These French and German forebears, along with their leading American importers, were the cutting edge. Graduate students and young professors realized quickly that this relativism and perspectivism was a dogma of the discipline. Anyone who maintained the Adolph Ochs division of opinion from observation was judged a throwback. “He hasn’t read his Foucault … he’s out of touch … let’s move on.”

If you wanted to get ahead, if you wanted to get and keep a job, you had to voice the dogma in your teaching and research. It was the professional way to be.

And so we passed it along to our students, the millions of kids moving through college in the 1990s and 2000s. We pledged to school them against absolutes, to disabuse them of silly notions such as self-evident truths and “the Laws of Nature and of Nature’s God.”

Intellectual Training Ground

All undergraduates had to learn the lesson, which they got in freshman composition, U.S. history, and Sociology 101. That includes all journalists and reporters under the age of 50. Every one of them went to college, and every aspiring journalist today goes to college. This is their intellectual training ground: four-plus years in an environment in which the only universal truths are political truths, the truisms of political correctness. Everything else is an opinion, a position, a “Well, this is how I look at it” postulation.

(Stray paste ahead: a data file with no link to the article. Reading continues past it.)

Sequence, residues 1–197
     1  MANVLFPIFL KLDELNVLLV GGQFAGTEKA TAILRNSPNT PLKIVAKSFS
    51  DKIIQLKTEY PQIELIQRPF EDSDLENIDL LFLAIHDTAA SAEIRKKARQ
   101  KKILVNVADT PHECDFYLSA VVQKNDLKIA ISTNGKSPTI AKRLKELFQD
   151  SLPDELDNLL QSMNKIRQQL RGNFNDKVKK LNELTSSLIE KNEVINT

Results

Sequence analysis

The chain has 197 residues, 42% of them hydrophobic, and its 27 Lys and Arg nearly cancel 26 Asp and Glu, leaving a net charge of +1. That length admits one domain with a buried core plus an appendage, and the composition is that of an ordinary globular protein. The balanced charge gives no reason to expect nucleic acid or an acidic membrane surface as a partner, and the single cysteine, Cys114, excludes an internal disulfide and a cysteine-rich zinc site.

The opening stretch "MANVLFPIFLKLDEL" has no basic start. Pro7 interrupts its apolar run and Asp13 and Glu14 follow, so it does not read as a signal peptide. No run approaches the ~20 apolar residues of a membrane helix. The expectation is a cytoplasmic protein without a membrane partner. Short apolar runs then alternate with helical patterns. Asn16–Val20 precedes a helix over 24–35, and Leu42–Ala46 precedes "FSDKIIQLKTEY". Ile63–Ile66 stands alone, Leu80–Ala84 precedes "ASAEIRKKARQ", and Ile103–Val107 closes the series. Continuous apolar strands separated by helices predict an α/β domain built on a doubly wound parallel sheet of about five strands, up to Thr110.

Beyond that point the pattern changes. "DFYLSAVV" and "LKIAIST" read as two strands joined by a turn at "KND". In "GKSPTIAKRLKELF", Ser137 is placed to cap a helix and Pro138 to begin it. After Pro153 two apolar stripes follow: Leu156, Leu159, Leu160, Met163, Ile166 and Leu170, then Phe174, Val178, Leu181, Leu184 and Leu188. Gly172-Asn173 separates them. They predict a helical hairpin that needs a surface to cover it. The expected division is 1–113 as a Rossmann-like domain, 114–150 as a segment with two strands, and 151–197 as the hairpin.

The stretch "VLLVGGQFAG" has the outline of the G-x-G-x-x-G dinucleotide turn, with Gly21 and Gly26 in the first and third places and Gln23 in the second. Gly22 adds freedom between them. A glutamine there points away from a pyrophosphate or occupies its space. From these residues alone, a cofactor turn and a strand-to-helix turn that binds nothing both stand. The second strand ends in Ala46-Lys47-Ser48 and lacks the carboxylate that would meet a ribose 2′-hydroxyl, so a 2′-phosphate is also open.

It’s only a small step from the general relativism that the ambitious reporter absorbed in college to opinionating in his reportage five years after graduation. For him, the notion of journalism as an activity separate from or somehow prior to political contests is, at best, an uninformed assumption.

Besides, the willing suspension of political passions is a laborious condition. It takes discipline and training. If it didn’t, we wouldn’t need to make journalism into a profession with standards everyone must uphold. How much easier it is to give in to partisanship! The reporters at Salon despise Trump; to choke down that feeling can only cause them pain.

In the past, they had to suffer that self-vigilance or get another job. The mayor who they knew was a jerk had to be covered with fairness and objectivity. They overcame that disgust through an ethic of impartiality that was central to their identity as journalists. No longer. For the past 50 years, the humanities have assailed that ethic as spurious and blind. We’re living with the consequences.

Mark Bauerlein is a professor of English at Emory college. His work has been featured in The Wall Street Journal, The Weekly Standard, The Washington Post, TLS, and Chronicle of Higher Education.

Views expressed in this article are the opinions of the author and do not necessarily reflect the views of The Epoch Times.